Europe last year had a $151 billion surplus with the USA. When combined with the fact that we pay for most of their defense through NATO, Europe has benefited greatly from past U.S. administrations’ willingness to let Europe leach off of American workers and taxpayers.
In other great economic news, a study shows massive growth among first time business owners. The growth has been so explosive, minorities now own nearly half of all small businesses in the United States.
African American business owners are on the rise.
According to the Minority 2018 Small Business Trends survey, the number of black-owned small businesses in the U.S. increased by a staggering amount from 2017 to 2018.
The new survey, which was conducted by Guidant Financial, interviewed more than 2,600 business owners and aspiring entrepreneurs. It found that 45% of all small business in the country were owned by minority ethnic groups in 2018.
This is a dramatic uptick from 2015 when the total percentage of minority business owners was 15%. The largest minority group of respondents were African American at 19%, followed by Hispanic at 14%, Asian at 8%, and Native American at 4%.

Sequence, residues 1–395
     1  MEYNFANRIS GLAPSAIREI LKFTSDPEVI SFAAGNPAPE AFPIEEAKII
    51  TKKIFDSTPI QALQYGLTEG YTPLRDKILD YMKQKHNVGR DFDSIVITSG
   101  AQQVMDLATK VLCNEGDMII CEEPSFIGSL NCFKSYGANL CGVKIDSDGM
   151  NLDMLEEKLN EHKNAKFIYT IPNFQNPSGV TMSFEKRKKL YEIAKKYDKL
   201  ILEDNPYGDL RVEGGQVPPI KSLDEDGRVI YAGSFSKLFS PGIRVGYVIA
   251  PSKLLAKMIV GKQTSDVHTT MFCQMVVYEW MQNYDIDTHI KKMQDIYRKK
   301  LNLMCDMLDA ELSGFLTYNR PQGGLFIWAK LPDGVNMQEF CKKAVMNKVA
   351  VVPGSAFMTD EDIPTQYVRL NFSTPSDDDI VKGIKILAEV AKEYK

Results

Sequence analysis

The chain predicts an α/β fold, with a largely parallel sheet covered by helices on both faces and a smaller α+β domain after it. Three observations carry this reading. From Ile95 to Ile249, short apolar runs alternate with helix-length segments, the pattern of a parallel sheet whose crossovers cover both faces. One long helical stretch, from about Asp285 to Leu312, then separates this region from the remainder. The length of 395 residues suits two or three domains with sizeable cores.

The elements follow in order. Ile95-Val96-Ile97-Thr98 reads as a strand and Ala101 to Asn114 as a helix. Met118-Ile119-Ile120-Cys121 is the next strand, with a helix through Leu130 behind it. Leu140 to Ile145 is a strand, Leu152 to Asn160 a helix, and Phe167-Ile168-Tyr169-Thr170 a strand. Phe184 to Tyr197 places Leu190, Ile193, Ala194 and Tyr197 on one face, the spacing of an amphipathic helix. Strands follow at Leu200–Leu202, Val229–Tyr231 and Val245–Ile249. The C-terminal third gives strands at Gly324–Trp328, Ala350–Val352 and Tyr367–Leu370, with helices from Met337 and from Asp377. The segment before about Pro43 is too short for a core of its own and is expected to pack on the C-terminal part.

Of the African American small business owners surveyed, 63% identified as men and 38% as women. Most fell between the ages of 40 to 49 with 28%, while 25% were between 50 and 59 years old, and 22% are 30 to 39. The research also showed that the highest volume of African American entrepreneurs lives in Texas, followed by Georgia, California, Florida, and North Carolina.
David Nilssen, CEO of Guidant Financial, said in a statement that he is excited about the rise of minority small business owners around the nation. “Growth amongst all minorities including women is promising in America as small business ownership becomes more favorable and easier to attain. We anticipate and hope to see a continued increase as the impact of tax reform and economic growth shape small business ownership moving forward.”
WHY BLACK AMERICANS ARE STARTING BUSINESSES